Game Buzz: Whistle Mountain

Back in 2017, a game called Whistle Stop was released. It was a train-based pick-up-and-deliver game with a modular board. A sequel is coming out now, though it is more of a thematic sequel than mechanical. It’s called

image by BGG user W Eric Martin

Whistle Mountain is a new game from Scott Caputo, designer of the original Whistle Stop, and Luke Laurie. It is being published by Bézier Games. The idea is that you’re taking the massive profits you earned in the first game and investing them in air technology – specifically blimps, dreadnoughts, and hot air balloons.

The game board is made up of four pieces, and when assembled, there are a number of slots around the perimeter. You’ll start with a random three each of the small, medium, and large machines face up on the edge of the board. On the other side, random awards are placed on each level of a tower, and three random upgrades are turned face up. Each player gets a player board and three airships of their color, as well as one coal, one iron, one gold, and one water (players that are later in turn order get an extra water and/or whistle). Seven of your workers go in the area of the board known as the barracks, one on each level. The other two of your workers go in the whirlpool at the bottom of the board. In reverse turn order, each player drafts a starting ability. Finally, in turn order, each player takes two scaffolds (which are polyomino pieces) and places one on the grid, aligned with the bottom.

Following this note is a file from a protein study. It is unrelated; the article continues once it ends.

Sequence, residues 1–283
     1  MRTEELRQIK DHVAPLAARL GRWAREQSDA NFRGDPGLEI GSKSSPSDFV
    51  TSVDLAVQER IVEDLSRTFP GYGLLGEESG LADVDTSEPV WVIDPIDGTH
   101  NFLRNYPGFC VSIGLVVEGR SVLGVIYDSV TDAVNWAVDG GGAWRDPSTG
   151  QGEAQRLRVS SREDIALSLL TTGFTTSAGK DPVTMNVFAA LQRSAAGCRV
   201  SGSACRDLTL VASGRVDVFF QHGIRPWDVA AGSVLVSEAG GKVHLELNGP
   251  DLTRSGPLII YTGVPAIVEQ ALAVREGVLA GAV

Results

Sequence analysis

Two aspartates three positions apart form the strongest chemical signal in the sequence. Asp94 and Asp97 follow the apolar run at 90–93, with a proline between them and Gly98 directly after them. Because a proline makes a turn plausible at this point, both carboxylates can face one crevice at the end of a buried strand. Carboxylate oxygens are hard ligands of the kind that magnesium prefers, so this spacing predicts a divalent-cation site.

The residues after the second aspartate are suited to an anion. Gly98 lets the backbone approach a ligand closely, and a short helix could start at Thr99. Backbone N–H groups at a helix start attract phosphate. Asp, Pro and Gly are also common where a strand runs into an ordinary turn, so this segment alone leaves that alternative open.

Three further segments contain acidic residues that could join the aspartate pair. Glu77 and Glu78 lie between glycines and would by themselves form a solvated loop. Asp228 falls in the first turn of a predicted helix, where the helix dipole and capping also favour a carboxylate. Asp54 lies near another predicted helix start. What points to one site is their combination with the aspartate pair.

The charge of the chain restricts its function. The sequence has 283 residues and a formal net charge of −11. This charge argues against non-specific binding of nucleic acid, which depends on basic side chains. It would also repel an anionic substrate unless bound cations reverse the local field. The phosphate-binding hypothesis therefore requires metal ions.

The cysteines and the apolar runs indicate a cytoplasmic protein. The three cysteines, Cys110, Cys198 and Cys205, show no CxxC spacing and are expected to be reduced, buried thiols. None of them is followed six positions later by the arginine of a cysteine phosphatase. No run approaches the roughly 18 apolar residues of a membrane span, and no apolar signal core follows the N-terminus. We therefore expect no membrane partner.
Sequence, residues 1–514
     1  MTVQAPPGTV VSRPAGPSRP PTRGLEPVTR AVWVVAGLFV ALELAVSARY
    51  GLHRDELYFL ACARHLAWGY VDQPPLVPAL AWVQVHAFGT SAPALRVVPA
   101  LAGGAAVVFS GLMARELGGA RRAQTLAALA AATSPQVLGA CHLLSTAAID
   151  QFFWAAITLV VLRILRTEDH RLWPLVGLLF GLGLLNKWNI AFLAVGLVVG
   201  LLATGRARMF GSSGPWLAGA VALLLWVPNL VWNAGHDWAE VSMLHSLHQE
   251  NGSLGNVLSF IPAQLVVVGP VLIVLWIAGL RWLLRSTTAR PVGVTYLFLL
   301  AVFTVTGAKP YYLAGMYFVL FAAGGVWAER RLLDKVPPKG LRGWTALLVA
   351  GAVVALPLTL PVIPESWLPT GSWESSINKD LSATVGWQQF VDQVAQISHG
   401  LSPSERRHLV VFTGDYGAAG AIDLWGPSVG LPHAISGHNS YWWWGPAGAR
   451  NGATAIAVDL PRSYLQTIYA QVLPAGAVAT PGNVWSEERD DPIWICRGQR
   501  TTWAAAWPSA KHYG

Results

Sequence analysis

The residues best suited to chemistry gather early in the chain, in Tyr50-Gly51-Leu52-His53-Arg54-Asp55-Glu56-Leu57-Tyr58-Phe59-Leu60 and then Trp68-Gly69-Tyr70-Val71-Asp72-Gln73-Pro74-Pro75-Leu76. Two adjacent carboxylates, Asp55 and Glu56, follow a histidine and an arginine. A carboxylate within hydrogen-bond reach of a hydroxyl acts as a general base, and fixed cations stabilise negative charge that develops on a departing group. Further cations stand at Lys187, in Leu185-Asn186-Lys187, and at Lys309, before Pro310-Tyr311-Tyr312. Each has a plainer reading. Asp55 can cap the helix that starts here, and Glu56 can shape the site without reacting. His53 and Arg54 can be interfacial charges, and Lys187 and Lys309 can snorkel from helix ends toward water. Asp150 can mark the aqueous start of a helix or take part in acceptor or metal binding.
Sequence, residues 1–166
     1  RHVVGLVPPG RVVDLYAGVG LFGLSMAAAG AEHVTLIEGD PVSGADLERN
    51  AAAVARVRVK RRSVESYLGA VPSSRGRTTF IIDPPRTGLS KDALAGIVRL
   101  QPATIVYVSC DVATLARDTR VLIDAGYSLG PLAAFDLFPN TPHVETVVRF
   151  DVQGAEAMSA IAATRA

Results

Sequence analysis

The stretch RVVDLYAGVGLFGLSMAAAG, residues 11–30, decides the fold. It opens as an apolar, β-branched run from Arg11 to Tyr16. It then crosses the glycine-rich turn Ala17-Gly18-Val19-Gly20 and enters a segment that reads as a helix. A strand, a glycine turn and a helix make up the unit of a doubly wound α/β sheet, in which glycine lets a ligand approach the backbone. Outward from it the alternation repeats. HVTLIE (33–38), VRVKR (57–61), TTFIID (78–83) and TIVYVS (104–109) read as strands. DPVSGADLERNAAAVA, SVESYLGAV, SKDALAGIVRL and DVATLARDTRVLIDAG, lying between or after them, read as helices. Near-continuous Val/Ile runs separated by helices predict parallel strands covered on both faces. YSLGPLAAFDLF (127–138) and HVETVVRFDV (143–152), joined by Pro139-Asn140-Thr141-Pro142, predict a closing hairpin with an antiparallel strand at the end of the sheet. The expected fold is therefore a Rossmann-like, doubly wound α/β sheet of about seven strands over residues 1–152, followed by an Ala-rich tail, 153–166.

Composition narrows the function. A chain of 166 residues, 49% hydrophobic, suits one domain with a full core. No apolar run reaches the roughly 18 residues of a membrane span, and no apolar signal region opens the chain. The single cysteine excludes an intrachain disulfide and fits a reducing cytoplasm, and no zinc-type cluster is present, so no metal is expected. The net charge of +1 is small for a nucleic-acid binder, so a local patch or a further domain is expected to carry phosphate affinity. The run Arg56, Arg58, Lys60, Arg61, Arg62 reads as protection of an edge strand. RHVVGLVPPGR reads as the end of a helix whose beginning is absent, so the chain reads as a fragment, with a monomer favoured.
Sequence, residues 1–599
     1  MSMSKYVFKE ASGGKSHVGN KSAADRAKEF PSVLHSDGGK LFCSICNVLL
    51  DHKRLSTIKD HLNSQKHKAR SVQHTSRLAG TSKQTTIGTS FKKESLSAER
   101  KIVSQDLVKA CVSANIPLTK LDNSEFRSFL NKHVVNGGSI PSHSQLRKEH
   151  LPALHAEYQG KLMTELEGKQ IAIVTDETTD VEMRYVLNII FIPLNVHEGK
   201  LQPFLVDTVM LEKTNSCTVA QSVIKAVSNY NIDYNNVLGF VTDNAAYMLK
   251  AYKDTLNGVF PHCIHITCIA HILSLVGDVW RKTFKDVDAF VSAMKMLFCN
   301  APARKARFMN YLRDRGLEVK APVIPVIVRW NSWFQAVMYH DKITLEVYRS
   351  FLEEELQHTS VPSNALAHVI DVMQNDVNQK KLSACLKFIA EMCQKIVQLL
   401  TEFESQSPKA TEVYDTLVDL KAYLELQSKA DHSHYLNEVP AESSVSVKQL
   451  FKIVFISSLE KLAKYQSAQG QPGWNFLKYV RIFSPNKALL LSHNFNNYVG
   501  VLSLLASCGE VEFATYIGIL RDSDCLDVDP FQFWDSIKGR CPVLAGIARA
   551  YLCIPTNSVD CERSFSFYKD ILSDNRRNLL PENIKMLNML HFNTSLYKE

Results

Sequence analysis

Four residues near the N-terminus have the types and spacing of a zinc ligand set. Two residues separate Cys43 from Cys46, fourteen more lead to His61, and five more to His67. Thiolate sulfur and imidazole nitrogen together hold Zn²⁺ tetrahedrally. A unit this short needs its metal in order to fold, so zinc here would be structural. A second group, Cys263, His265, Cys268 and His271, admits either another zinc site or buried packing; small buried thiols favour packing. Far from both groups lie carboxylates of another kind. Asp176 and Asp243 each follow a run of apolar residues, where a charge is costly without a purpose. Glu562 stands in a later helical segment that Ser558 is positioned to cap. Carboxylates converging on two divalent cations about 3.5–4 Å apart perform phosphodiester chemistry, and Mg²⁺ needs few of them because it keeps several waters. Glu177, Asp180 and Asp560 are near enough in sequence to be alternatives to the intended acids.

screenshot from Tabletopia.com

On your turn, you may either Collect or Forge, and take 1-2 bonus actions.

COLLECT: Take one of your airships and put it on the game board. This can be on the grid, the machine, or a dock. If you place it on a grid or a machine, you’ll get the resources from the surrounding spaces, as well as activate any adjacent machines. Docks are the little notches all around the board. This will give you an action to do immediately. These include gaining machines, gaining cards, getting an upgrade, gain scaffolds, or rescue a worker from the whirlpool.

FORGE: Taking this action allows you to take all of your airships back. Then, you get to do up to four Forge actions – three may be builds, and one may be to move or rescue. To build, place a scaffold or machine on the grid. To move, take one of your workers and place it on a scaffold. To rescue, take a worker from the whirlpool and place it on a scaffold.

Bonus actions you can take include playing a card or redeeming an award you’ve taken into your storage.

The game is over one round after all workers have been taken out of the barracks. You score based on workers on the tower, VPs on upgrades, machines, awards, scaffolds (2:1), cards (2:1), and remaining resources (4:1). You also lose 5 points for each worker still in the whirlpool. The player with the high score wins.

image by BGG user lschlesser

I have not yet gotten a chance to play Whistle Stop, but as far as I can tell, the two games are linked in name only. They may be set in the same world, but building machines up is very different from building train routes across the country. It seems very interesting in the variety of things you can do. Bézier Games do tend to pack a lot in their games, and this looks like it follows that trend. The airships look pretty cool, and the game overall seems very solid. I look forward to trying it out someday.

That’s all for today – stay safe out there, and thanks for reading!

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